By Kim Eun-jung
SEOUL, May 30 (Yonhap) -- A growing number of Korean filmmakers have launched drama series on streaming platforms to reach a wider audience amid the sluggish film industry and changing consumer trends.
Following the global success of the Netflix series "Squid Game" (2021) directed by Hwang Dong-hyuk, these streaming platforms, also known as over-the-top (OTT) platforms, have emerged as a more practical and cost-effective choice for filmmakers grappling with financial constraints.
As theatrical releases of new films were on hold amid the COVID-19 pandemic and deep-pocketed streaming services increased investment in original content, several Korean filmmakers have collaborated with OTT platforms to work on drama series.
Cho Eui-seok, best known for "Master" (2016) and "Cold Eyes" (2013), directed Netflix's new sci-fi series "Black Knight," which depicts stark social divide in a dystopian future devastated by severe air pollution.
Cho said he decided to work on the TV series for the first time since his debut in 2002 considering the slim chance of drawing investment for new film projects.
"I heard that investment for several films has been hold and there are over 60 movies that haven't been able to hit screens," Cho said in a recent media interview. "I thought it would be a little difficult to work on new films for a while."
Lee Jong-pil, who took the helm of film dramas "Samjin Company English Class" (2020) and "Born to Sing" (2013), also presented his first TV drama series "One Day Off" on local platform Wavve.
The eight-part omnibus drama series starring actor Lee Na-young follows a high school teacher who travels around the country on Saturdays to escape from the drudgery of her life.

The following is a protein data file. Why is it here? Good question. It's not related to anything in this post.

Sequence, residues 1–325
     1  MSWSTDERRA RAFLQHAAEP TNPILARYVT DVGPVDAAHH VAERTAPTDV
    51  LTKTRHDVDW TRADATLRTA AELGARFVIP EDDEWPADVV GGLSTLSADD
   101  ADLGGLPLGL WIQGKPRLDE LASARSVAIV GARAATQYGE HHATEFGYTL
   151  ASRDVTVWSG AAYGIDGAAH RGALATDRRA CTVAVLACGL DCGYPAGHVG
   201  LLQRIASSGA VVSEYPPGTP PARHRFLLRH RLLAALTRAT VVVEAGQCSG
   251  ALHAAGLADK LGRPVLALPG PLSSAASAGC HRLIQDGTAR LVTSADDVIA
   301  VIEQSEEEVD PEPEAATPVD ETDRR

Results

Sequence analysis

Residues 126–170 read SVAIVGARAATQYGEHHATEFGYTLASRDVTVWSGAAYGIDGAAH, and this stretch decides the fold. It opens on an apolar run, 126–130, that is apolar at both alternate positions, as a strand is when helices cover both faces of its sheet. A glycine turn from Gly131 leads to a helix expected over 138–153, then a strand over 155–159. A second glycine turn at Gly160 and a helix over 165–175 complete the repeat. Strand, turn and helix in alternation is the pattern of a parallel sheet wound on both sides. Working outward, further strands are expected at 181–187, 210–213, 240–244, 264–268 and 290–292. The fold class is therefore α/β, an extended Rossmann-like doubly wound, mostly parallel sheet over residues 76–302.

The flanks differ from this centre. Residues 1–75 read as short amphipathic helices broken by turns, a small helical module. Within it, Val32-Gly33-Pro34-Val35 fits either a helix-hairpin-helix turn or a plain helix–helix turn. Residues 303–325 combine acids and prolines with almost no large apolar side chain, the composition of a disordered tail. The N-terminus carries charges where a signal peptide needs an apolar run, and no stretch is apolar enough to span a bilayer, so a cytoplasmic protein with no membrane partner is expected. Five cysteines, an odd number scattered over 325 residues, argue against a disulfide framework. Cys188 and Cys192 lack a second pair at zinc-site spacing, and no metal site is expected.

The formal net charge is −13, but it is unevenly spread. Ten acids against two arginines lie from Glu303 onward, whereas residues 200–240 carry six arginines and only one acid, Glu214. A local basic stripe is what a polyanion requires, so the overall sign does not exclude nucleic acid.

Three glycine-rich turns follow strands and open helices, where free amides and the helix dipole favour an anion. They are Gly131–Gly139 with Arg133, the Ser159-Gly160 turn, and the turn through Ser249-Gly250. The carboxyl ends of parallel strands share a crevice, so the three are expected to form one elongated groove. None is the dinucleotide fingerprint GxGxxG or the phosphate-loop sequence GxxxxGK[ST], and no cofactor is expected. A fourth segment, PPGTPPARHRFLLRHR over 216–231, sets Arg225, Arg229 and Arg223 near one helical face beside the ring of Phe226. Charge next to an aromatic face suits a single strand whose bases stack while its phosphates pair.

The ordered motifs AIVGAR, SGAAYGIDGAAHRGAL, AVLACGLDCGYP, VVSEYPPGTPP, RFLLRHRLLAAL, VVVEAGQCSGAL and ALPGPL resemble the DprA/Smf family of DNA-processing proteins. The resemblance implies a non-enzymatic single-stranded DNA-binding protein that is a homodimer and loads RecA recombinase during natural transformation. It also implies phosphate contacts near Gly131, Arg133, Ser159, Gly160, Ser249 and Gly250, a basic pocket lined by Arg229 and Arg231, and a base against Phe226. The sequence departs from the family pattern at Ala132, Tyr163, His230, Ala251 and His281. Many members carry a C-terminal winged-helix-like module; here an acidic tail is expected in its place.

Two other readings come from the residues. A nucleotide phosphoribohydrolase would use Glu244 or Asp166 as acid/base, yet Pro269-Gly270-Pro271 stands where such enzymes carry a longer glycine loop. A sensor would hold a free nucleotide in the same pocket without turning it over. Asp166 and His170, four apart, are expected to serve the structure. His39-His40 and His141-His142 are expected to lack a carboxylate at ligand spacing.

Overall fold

Behind the latest trend lies the growing consumer interest in OTT content, as viewers often indulge in "binge watching," where they watch multiple episodes or even entire seasons of a TV series in one sitting.
As drama series offer more flexibility in length, narrative structure and release schedules, many filmmakers now find it more attractive to present their works on streaming services.
Lee Joon-ik, the acclaimed director known for "The King and the Clown" (2005) and "Radio Star" (2006), debuted on the streaming platform with Tving's sci-fi series "Beyond the Memory" in November.
The 63-year-old said he decided to work on the drama based on Kim Jang-hwan's 2011 sci-fi novel "Good-bye Yonder" following one failed attempt for its film adaptation a decade ago.
"I was surprised by the original novel's story that goes ahead of our time, but I had failed in making it into a movie," Lee said in a press conference in November. "I thought OTT platforms would allow me to convey the story more in-depth."
Yoon Jong-bin, who directed the hit Netflix series "Narco-Saints" last year, struck a similar note regarding his creative choices.
Known for such hit films as "Nameless Gangster: Rules of the Time" (2012) and "Kundo: Age of the Rampant" (2014), Yoon was first offered to make the crime thriller into a film, but he opted to join hands with Netflix to achieve depth in the story.
"I insisted on a drama series to tell narratives of the real-life character. If I cut narratives of the protagonist and make it into a two-hour film, I thought it would be indistinctive from other movies," Yoon said in a media interview in September.
(3rd LD) National Assembly passes arrest motion against opposition leader
USFK soldier, 2 women arrested for drug trafficking
(LEAD) U.S. to ensure S. Korean chipmakers' smooth operation regarding China curbs: deputy secretary
(LEAD) Fighter jet crashes in Seosan; pilot makes emergency escape
Actor Yoo Ah-in apologizes ahead of arrest warrant decision by court over illegal drug use
Webtoons at crossroads: Is AI opportunity or threat?
From hip-hop idols to global superstars, BTS shatters records over decade
Directors thrive on streaming platforms amid sluggish film industry
True-crime documentaries lure viewers to streaming platforms
CJ CGV transforms multiplexes into sports, entertainment venues